You'll know it's time to harvest the plants when the corns open slightly, releasing the inner seed. Remove the entire bloom and dry in a warm, well-ventilated area for a day or two. Peppercorns that are still closed should be placed on paper to ripen and dry. Separate the husks from the seeds and store to use as whole spices, or use a clean coffee grinder to grind both into a coarse powder mixed with coarse salt. They can be lightly toasted on a baking sheet and ground into a fine powder. Use it to add a citrusy flavor to dishes. Add them to the lightly oiled skin of meat or sauté them with vegetables. Alternatively, you can dry fry equal amounts of peppercorns and salt, grind, and store as a fine powder.


Whole peppercorns can be stored in an airtight jar at room temperature for a few years. Freshly ground powder or coarse salts used to flavor meat should be used within two weeks for best flavor. Most guides recommend grinding it a little at a time to preserve flavor.

If you want to make Szechuan pepper oil, dry fry the grains, crush in a mortar and pestle, and place in hot oil for a few minutes. Strain the oil and store in an airtight container at room temperature for up to three months.


Sichuan pepper sprigsZanthoxylum piperitum has a characteristically bumpy, thorny wood. Source: Romana Klee

Because Szechuan pepper plants belong to the same family as other citrus plants, they have similar problems. Here we will discuss a few things to look out for.

growing problems

if you cut off new growth By mistake, you may not get as high a yield as if you didn't prune at all.

Soil that is compacted and does not drain well will slow down the growth of Sichuan plants. Ideally, in temperate climates, plant the tree in a spot that will not collect water. To reduce compaction or slow drainage, add a little agricultural sand to your soil mix if you encounter this problem.

During frost, trees become unprotected cold damaged. Remove damaged limbs as soon as possible and provide cover during the next frost.

submersion dries out the tree and reduces fruit production. Provide enough water to keep the top two inches consistently moist. waterlogging weakens and stresses the plant.


aphids are the only insects to worry about with Szechuan plants. They are congregated mites that feed on the sap and leaves of the tree. You will either notice them or leave honeydew behind. To get them under control, spray commercial neem oil all over the tree in the morning, outside of heat and bloom scenarios.

While citrus leaf miners can appear on your plants, they themselves will not cause serious damage. However, the citrus leaf miner is a vector for citrus canker and should therefore be prevented. Neem oil is also effective here, and BT can also be useful.


Leaf spots on the pepper tree is a bacterial disease that causes wet spots on leaves that eventually turn dark brown. In later stages, spot margins increase, yields decrease, and the fruit gets sunburnt. Treating seeds with warm water before planting will prevent leaf spot. Copper fungicides sprayed in the morning also work, but their effectiveness diminishes over time as the bacteria develop resistance. Remove and dispose of infested plant remains.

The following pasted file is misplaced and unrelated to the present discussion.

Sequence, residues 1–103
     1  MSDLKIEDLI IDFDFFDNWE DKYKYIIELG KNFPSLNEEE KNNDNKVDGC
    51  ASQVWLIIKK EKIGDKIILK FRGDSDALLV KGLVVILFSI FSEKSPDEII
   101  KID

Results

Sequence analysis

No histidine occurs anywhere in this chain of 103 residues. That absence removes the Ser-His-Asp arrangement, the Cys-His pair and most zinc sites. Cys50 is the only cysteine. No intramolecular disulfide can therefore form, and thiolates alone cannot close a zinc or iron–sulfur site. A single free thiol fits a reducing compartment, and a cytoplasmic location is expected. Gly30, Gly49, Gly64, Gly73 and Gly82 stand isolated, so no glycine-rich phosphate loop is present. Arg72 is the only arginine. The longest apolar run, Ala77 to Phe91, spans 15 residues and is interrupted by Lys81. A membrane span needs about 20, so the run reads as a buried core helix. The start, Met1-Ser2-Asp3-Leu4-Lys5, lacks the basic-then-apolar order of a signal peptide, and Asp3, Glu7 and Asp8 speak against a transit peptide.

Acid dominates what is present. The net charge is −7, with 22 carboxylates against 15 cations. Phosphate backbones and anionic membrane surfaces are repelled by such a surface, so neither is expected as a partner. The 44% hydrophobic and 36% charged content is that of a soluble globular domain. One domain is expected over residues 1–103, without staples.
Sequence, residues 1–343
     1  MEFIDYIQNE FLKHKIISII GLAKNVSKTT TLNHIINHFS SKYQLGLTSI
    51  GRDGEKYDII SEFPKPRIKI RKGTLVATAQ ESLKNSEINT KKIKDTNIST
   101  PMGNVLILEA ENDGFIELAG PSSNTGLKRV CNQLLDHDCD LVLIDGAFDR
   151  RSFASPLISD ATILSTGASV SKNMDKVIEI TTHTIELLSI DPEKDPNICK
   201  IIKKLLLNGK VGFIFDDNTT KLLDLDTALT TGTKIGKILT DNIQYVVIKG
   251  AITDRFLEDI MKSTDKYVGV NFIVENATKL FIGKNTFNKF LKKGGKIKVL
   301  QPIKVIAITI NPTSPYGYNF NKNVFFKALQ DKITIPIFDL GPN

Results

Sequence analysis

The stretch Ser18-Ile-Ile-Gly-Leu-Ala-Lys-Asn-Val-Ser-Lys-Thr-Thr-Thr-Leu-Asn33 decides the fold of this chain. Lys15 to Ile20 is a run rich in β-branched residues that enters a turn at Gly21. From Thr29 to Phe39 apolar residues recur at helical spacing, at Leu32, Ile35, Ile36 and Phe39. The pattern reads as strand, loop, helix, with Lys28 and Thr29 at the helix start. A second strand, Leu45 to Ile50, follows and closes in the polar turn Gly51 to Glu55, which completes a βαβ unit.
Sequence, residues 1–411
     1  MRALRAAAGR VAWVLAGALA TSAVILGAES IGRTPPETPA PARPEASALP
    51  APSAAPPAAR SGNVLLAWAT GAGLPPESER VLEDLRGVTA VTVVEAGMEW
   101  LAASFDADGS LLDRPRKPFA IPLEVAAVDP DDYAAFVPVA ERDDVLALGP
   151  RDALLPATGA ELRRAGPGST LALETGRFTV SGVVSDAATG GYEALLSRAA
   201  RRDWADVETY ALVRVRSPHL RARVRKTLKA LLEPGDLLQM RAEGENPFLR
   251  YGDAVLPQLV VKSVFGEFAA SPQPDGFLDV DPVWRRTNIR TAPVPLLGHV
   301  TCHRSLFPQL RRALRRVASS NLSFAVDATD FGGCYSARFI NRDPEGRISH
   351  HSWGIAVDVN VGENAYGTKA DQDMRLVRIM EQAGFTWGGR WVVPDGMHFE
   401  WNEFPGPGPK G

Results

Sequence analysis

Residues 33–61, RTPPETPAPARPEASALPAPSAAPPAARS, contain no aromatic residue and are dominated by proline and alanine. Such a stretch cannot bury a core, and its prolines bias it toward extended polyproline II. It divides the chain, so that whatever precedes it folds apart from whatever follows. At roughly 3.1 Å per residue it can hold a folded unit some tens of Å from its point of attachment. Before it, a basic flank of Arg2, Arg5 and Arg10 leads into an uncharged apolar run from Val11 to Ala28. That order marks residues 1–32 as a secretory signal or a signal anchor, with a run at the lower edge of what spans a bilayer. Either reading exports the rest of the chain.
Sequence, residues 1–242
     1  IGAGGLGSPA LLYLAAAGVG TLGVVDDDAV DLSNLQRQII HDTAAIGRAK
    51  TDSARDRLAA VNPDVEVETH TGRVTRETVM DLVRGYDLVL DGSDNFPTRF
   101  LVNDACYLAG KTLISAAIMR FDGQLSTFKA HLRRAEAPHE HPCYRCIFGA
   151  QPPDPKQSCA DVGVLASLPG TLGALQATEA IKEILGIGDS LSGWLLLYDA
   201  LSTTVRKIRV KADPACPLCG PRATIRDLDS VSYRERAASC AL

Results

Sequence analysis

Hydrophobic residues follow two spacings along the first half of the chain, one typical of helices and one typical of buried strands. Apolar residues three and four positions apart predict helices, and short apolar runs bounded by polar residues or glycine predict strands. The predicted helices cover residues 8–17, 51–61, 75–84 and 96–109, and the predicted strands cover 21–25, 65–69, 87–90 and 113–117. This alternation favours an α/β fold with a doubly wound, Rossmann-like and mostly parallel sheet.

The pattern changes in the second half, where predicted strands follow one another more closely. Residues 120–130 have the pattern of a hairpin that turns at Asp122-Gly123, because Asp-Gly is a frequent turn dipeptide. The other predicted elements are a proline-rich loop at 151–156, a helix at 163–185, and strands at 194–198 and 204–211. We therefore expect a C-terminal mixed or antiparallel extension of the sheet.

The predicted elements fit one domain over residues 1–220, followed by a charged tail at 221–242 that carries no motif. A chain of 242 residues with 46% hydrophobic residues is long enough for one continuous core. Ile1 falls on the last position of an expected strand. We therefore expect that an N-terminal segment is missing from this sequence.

Fusarium wilt is a fungal disease that causes yellowing and wilting of trees. In later stages, the fungus leads to death. Warm water treatments of seeds can prevent infection. Some mycological treatments have been shown to reduce the spread of Fusarium fungus in the soil, but once it takes hold there are no viable treatments. Don't let the soil soak for long, as it provides the right habitat for Fusarium fungi.

alternative is a condition resulting from fungal infection of Szechuan plants. The leaves take on a brown-speckled appearance and curl. Defoliation and death occur in late stages. Most sources recommend treatment with copper fungicides applied at 7-10 day intervals until leaf spot stops spreading. Remove damaged foliage to prevent fungal spores from developing and spreading.

citrus crab is a common disease of citrus trees, and Sichuan pepper is closely related to citrus and is therefore susceptible. There is no cure for this disease, so prevention is essential. Maintain good hygiene practices and keep citrus leaf miners off your trees as they are pest vectors for this disease.

frequently asked Questions

Sichuan peppercorns on the treeSchezwan peppercorns on the tree. Source: rduta

Q: Can you grow Sichuan pepper in the US?

A: Yes! The ban on certain citrus plants in the USA has been lifted.

Q: Can I grow Sichuan pepper from seed?

A: Yes. Check out the planting section of this piece.

Q: Is Sichuan pepper poisonous?

A: No, but it causes a numbing feeling when eaten.

Q: Why was Sichuan pepper banned?

A: It and other citrus plants have been thought to be susceptible to an uncontrollable bacterial disease called citrus canker.